I look at her and smile, "I just told you. See ya."
What I don't tell her is that I plan on going over 20 miles the next day, climbing the Continental Divide twice, over 5000 ft of elevation gain.
Park at the trailhead. It's about 5:00 pm. Start cruising. The weather is brilliant. Much better than last week.
Wildflowers everywhere. Waterfalls. Snow banks clinging precariously to the sides of the Divide in the waning summer heat.
I pass a group of backpackers. Huge packs, maybe eighty pounds each. The last one is carrying a rope in her hands. Not on her back, not in her pack, but in her hands. Weird. It's not paracord or any sort of nylon, nothing so reasonable, but like heavy duty gonna fuckin' climb some shit rope. So I ask, "I gotta know... what's the rope for?"
She looks a time and says, "Oh, bear bags."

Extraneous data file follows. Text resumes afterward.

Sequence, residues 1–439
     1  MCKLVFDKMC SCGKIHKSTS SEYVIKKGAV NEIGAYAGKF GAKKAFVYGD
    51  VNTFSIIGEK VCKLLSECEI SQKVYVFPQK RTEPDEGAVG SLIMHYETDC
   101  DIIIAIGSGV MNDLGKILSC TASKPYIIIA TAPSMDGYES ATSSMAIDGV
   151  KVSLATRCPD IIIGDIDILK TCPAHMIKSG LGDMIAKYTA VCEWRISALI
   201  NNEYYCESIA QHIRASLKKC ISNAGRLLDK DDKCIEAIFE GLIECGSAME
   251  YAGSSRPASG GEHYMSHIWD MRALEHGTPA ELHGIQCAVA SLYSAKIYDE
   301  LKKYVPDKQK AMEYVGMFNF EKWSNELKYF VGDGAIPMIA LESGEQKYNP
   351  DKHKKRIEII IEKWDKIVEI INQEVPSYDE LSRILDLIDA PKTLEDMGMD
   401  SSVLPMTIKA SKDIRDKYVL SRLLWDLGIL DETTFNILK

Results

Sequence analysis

I think about it for a half a second... camping at 11,000 ft there aren't exactly any bears, but I guess there are chipmunks and pika and marmots... but there's no trees, at least certainly not one big enough to hang a bear bag in a way that it's supposed to be hung. But I say nothing, smile and move on.
6:30 p.m. and I'm at Caribou Lake. "You won't make it on time," yeah, fuck you too. 6:45 and my tent is up and I'm eating dinner. Chips and a Tasty Bite... a Colton classic thruhiking meal. About this time I realize that Caribou should more accurately be called Mosquito Lake.
I walk to the far end of the lake and watch the last of the day's light play a show against the mountain backdrop and hop from rock to rock in my clunky maximal trail runners. Meanwhile the "backpackers" I passed earlier are tiny specks against the switchbacks leading down to the lake. They should be here soon.